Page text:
I realize this Sunday section I have here on Marketing Pilgrim is supposed to be concentrating on the business of content but I needed to say something about an editorial from this past Wednesday’s New York Times. Since editorials, no matter how ill conceived, are content I will stretch the boundaries of the definition today.
The gist of it as follows. Since Google is so big and most people use it for their Internet searches, how do we REALLY know if they are being fair? If we can’t be completely sure should there be some form of government oversight for the engine to ensure its fairness? In political speak, this editorial is about search neutrality.
Here is a slice of the editorial
When Google was a pure search engine, it was easy to appear agnostic about search results, with no reason to play favorites with one Web site or another. But as Google has branched out into online services from maps and videos to comparison shopping, it has acquired pecuniary incentives to favor its own over rivals.
….the potential impact of Google’s algorithm on the Internet economy is such that it is worth exploring ways to ensure that the editorial policy guiding Google’s tweaks is solely intended to improve the quality of the results and not to help Google’s other businesses.
So what this editorial is suggesting is to first follow the path of the European Union’s (EU) European Commission (EC) which has been hounding Google for just about everything as of late. The EC’s intent is clearly to limit Google’s ability to do business in the EU by looking to regulate everything Google does in the name of ‘fairness’. This comes from a group that is looking into Google because of the complaints of spam site producers and inferior search engines. Acting on these types of complaints is the equivalent of validating a street level drug dealer’s claim that the big pharmaceuticals are restricting his ‘trade’. Puh-leeeze.
There is even a scenario played in out in this mindless drivel from the Times that half wonders out loud if the government should require Google to make its algorithm public!
Some early suggestions for how to accomplish this include having Google explain with some specified level of detail the editorial policy that guides its tweaks. Another would be to give some government commission the power to look at those tweaks.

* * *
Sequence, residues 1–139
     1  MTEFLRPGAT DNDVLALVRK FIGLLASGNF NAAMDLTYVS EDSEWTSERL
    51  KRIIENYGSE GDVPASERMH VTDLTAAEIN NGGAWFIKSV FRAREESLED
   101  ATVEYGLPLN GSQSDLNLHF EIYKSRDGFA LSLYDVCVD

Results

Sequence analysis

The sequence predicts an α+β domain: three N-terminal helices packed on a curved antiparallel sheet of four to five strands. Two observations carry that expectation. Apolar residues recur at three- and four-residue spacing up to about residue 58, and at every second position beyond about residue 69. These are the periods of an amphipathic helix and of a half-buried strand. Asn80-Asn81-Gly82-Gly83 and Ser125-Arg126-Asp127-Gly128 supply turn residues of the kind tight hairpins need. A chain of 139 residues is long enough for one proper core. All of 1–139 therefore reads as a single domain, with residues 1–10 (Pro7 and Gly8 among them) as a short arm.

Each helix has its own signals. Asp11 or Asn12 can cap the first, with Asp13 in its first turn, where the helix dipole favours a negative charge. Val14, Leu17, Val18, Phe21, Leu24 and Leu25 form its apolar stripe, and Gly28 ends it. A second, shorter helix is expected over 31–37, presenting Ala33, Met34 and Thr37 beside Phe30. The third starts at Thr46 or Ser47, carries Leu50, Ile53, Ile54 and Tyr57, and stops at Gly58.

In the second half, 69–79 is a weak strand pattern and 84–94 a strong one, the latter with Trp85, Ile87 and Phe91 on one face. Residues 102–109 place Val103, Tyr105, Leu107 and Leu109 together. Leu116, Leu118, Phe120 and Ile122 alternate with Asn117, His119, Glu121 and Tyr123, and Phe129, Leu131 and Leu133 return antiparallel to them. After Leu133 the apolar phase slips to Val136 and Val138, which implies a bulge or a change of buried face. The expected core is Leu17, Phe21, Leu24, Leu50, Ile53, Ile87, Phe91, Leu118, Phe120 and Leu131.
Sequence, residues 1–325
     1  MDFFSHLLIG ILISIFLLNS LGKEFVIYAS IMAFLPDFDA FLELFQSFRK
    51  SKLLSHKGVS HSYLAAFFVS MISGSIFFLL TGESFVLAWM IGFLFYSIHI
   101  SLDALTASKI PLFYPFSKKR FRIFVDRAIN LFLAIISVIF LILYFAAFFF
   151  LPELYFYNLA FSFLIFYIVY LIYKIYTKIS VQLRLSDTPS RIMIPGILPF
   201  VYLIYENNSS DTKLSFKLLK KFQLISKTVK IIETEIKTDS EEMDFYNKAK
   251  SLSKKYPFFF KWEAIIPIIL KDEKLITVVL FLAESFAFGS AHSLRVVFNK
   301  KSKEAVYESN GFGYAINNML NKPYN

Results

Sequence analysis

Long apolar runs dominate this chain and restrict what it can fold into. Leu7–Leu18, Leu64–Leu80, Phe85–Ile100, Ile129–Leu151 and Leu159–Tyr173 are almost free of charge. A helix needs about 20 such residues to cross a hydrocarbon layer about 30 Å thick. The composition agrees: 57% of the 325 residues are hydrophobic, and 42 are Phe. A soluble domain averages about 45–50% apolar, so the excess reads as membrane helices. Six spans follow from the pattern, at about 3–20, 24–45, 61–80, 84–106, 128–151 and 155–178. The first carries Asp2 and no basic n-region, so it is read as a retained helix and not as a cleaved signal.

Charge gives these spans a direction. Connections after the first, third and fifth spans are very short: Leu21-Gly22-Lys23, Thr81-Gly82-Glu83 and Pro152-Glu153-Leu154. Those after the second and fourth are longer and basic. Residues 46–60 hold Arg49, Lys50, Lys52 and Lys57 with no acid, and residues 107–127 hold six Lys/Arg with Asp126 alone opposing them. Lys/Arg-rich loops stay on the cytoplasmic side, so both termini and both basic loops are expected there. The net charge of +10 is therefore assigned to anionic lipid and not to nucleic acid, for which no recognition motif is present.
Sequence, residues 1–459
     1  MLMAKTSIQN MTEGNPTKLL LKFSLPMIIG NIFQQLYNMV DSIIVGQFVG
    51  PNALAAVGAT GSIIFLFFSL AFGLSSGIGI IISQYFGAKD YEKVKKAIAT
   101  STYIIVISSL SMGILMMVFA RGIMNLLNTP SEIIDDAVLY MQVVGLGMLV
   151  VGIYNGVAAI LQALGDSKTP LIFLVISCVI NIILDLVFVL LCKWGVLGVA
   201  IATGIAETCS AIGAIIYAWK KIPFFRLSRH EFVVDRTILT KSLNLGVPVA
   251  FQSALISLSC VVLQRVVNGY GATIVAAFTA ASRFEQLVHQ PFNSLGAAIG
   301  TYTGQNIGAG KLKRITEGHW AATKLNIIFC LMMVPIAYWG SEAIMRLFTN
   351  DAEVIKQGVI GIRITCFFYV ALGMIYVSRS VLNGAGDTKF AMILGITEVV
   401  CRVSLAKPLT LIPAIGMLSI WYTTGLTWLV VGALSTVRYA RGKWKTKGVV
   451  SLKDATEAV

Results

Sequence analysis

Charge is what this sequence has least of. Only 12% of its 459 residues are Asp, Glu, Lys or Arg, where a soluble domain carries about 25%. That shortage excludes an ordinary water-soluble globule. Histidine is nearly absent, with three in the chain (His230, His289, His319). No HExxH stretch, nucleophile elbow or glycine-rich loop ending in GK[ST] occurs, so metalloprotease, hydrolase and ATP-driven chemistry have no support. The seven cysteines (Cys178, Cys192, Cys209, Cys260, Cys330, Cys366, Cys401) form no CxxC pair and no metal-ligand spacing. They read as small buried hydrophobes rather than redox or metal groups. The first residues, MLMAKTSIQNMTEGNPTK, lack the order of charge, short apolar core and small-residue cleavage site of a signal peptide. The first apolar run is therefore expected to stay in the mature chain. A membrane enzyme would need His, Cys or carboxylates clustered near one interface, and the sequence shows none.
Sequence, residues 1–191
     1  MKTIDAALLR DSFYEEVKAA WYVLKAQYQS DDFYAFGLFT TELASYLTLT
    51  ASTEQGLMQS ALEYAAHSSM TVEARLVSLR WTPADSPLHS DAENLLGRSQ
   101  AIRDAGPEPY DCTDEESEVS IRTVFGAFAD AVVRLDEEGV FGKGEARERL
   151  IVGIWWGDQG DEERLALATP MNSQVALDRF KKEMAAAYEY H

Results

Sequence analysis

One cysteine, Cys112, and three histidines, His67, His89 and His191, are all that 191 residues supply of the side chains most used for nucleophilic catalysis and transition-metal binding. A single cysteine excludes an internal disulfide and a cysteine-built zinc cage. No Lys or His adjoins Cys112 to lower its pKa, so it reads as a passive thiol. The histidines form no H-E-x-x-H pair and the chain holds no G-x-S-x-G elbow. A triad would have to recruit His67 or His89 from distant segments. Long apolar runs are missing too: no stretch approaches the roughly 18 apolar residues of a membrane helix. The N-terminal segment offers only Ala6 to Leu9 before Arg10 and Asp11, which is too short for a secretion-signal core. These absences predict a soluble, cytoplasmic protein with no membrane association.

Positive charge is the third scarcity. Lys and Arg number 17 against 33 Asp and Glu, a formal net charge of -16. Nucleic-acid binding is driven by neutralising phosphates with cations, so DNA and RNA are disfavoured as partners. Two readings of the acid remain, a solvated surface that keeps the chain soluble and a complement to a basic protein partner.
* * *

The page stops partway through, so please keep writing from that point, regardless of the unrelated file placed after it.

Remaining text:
Google provides an incredibly valuable service, and the government must be careful not to stifle its ability to innovate. Forcing it to publish the algorithm or the method it uses to evaluate it would allow every Web site to game the rules in order to climb up the rankings — destroying its value as a search engine. Requiring each algorithm tweak to be approved by regulators could drastically slow down its improvements. Forbidding Google to favor its own services — such as when it offers a Google Map to queries about addresses — might reduce the value of its searches.
Notice the wording of ‘might reduce’ or ‘could slow down’ when describing the potential impact of regulating a company like Google. This is the language of an entity that thinks that this may be a viable alternative. Even thinking this way and simply bringing this idea into the realm of this discussion is too much. For now at least, we are a free country and our economy operates on free market principles. While far from perfect I challenge anyone to show me another system that works better.
If you have had enough of my rant and would like to hear Google’s opinion of this whole thing then read the piece written by Google’s vice president of search product and user experience, Marissa Mayer, in the Financial Times. It’s worth the look and be sure to read the comments as well because not everyone outside of the New York Times thinks this is a bad idea.
So how do you feel about the idea of the government essentially regulating Google? Is it a good thing, a bad thing or nothing? What’s your opinion of the New York Times going down this road?